AMHID published a special issue on psychotherapy in the December 2009 issue with Nigel Beail as the guest editor (volume 3, issue 4). In the 2009 special issue, there were several articles on psychodynamic psychotherapy. These articles were written by authors from the UK. In contrast, this current issue is written by authors from North American who employ different theoretical orientations and therapy techniques. The difference between the North American and the European approach to the provision of psychotherapy may reflect the difference in our respective training and orientation. Nevertheless, there is clear agreement that psychotherapy for persons with intellectual disabilities can be appropriate and should be available.
The following will provide a summary of the articles that appear in this special issue.
Margaret Charlton, PhD and Eric J. Dykstra, PsyD offer adaptations to dialectical behavioral therapy (DBT) that they have made in developing what they call dialectical behavior therapy for special populations (DBT-SP). They note that DBT-SP was adapted specifically to address the needs of psychotherapy clients who have to develop better skills for managing their impulsivity, dealing with frustrations, and interacting with others. The adaptations involved in DSP-SP involved adjusting the presentation and language to a level that persons with intellectual and developmental disabilities can more easily comprehend and that the adolescent target population would find more appealing. The language was adjusted to make concepts more accessible. Some of the concepts were paired down and/or simplified to allow better comprehension. Handouts were re-written and re-formatted to increase attention and aid in understanding. Client feedback, repetition, and rehearsals have been incorporated into the therapy structure to aid in learning, retention, and generalization. In addition to describing the development of DBT-SP, Dr Margaret Charlton and Dr Eric J. Dykstra describe a pilot study conducted with adolescent clients in a day treatment program providing education and treatment for children and adolescents with significant developmental and behavioral health needs.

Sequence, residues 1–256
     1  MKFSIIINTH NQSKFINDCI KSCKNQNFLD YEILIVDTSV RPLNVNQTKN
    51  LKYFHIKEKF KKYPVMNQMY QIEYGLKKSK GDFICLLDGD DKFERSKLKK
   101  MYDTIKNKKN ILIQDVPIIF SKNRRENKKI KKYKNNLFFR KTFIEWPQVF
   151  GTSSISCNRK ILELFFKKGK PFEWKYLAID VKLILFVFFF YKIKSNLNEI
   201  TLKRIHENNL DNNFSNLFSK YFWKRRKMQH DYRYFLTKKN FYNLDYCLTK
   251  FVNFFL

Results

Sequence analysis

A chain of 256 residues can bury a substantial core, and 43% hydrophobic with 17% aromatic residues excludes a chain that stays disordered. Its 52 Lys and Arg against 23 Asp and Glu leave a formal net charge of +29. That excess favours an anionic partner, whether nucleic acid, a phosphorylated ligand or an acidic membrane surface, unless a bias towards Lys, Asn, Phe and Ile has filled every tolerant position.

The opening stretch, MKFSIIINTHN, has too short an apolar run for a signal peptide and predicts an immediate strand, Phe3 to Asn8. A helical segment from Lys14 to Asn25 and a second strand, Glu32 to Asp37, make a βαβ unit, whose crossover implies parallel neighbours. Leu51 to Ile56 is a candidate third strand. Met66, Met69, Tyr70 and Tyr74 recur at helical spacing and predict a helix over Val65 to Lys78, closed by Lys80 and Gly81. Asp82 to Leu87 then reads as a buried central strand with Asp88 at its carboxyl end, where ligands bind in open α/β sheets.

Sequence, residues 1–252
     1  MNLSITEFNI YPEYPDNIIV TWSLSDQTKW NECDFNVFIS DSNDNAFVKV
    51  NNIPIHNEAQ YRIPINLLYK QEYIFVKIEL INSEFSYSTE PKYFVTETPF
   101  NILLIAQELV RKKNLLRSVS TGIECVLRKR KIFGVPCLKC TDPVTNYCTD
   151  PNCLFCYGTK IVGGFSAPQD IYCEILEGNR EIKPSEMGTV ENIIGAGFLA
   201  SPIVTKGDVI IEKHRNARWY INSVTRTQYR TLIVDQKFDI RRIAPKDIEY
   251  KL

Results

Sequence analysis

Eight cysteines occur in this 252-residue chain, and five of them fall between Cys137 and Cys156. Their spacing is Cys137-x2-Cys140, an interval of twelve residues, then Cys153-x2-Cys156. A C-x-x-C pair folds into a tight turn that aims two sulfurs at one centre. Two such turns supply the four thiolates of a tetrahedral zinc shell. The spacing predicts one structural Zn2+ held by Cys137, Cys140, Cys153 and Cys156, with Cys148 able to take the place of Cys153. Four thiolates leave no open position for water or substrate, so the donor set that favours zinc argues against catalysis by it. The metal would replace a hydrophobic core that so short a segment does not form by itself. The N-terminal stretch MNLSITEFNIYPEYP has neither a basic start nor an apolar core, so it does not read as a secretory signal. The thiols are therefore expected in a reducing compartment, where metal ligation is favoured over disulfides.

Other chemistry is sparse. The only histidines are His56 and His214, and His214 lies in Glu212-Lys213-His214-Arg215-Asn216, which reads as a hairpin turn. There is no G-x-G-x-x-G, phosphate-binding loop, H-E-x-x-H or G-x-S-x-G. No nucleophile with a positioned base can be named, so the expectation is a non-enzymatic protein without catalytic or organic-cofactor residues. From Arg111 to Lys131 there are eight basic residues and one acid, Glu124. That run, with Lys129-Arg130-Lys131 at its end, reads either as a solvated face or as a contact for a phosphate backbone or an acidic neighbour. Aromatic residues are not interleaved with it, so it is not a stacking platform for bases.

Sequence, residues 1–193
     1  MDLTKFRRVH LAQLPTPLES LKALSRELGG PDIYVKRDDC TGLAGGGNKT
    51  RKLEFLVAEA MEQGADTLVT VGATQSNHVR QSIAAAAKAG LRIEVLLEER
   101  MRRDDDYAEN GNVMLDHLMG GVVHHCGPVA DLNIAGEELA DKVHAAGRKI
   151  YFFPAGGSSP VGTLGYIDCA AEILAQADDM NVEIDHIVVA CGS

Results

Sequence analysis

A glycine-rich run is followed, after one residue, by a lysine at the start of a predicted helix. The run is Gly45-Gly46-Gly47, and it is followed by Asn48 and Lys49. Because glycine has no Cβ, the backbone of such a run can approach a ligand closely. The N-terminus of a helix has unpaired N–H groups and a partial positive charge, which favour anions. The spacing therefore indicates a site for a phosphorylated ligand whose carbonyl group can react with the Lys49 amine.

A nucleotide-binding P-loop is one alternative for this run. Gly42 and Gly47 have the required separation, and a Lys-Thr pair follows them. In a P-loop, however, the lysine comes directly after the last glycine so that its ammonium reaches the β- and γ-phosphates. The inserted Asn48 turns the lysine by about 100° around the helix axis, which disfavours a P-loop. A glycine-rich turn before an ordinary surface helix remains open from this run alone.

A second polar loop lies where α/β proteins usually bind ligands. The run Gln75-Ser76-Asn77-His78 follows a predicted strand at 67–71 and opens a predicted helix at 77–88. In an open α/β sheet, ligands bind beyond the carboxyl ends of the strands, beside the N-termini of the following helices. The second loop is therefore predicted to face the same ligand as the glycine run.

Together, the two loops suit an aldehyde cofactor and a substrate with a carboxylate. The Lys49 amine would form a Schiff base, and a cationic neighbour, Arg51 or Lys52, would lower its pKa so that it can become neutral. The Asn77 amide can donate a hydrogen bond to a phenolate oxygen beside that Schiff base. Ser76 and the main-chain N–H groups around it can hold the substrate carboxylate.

In her paper, Valerie L. Gaus, PhD notes that with some modifications and extra attention to skill-building, cognitive behavioral therapy (CBT) approaches can be successfully used to address the co-morbid anxiety and mood disorders of higher functioning adults who have autism spectrum disorders (ASD) as well as help them learn needed social and coping skills. Dr Valerie L. Gaus explores ASD among adults and offers the benefits of CBT for these individuals. Although her paper focuses on patients who may have little or no intellectual disability as defined by standard intelligence quotient tests, they do demonstrate significant impairments in the social and communication domains of functioning. Strategies for increasing social and coping skills and for reducing symptoms of anxiety and depression are discussed.